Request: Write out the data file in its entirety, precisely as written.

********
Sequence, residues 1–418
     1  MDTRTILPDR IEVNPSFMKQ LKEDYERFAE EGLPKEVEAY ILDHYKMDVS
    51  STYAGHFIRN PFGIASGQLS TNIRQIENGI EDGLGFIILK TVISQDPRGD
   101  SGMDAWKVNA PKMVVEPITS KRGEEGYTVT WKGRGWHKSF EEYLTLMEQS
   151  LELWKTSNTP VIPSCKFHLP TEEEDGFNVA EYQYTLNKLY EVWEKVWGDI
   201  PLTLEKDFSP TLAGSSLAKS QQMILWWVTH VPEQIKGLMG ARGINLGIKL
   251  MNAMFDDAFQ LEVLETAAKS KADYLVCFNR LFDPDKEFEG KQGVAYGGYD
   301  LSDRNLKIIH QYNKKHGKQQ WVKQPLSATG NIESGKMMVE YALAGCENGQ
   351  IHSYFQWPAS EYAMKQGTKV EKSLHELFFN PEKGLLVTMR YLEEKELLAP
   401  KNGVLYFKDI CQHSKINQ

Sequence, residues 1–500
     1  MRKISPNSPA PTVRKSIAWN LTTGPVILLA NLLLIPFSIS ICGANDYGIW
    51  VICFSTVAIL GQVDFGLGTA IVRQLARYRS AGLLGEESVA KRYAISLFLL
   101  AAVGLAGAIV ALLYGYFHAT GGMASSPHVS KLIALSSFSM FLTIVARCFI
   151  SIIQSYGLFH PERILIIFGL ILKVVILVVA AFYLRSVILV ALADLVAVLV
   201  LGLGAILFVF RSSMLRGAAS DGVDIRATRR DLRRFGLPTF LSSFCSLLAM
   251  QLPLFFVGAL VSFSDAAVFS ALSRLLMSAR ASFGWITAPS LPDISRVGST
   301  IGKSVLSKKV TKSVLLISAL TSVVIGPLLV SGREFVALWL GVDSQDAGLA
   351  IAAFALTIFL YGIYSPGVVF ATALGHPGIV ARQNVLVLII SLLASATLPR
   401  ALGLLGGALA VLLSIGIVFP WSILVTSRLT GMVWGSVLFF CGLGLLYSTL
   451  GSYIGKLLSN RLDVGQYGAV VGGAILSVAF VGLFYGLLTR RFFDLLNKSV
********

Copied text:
Sequence, residues 1–418
     1  MDTRTILPDR IEVNPSFMKQ LKEDYERFAE EGLPKEVEAY ILDHYKMDVS
    51  STYAGHFIRN PFGIASGQLS TNIRQIENGI EDGLGFIILK TVISQDPRGD
   101  SGMDAWKVNA PKMVVEPITS KRGEEGYTVT WKGRGWHKSF EEYLTLMEQS
   151  LELWKTSNTP VIPSCKFHLP TEEEDGFNVA EYQYTLNKLY EVWEKVWGDI
   201  PLTLEKDFSP TLAGSSLAKS QQMILWWVTH VPEQIKGLMG ARGINLGIKL
   251  MNAMFDDAFQ LEVLETAAKS KADYLVCFNR LFDPDKEFEG KQGVAYGGYD
   301  LSDRNLKIIH QYNKKHGKQQ WVKQPLSATG NIESGKMMVE YALAGCENGQ
   351  IHSYFQWPAS EYAMKQGTKV EKSLHELFFN PEKGLLVTMR YLEEKELLAP
   401  KNGVLYFKDI CQHSKINQ

Sequence, residues 1–500
     1  MRKISPNSPA PTVRKSIAWN LTTGPVILLA NLLLIPFSIS ICGANDYGIW
    51  VICFSTVAIL GQVDFGLGTA IVRQLARYRS AGLLGEESVA KRYAISLFLL
   101  AAVGLAGAIV ALLYGYFHAT GGMASSPHVS KLIALSSFSM FLTIVARCFI
   151  SIIQSYGLFH PERILIIFGL ILKVVILVVA AFYLRSVILV ALADLVAVLV
   201  LGLGAILFVF RSSMLRGAAS DGVDIRATRR DLRRFGLPTF LSSFCSLLAM
   251  QLPLFFVGAL VSFSDAAVFS ALSRLLMSAR ASFGWITAPS LPDISRVGST
   301  IGKSVLSKKV TKSVLLISAL TSVVIGPLLV SGREFVALWL GVDSQDAGLA
   351  IAAFALTIFL YGIYSPGVVF ATALGHPGIV ARQNVLVLII SLLASATLPR
   401  ALGLLGGALA VLLSIGIVFP WSILVTSRLT GMVWGSVLFF CGLGLLYSTL
   451  GSYIGKLLSN RLDVGQYGAV VGGAILSVAF VGLFYGLLTR RFFDLLNKSV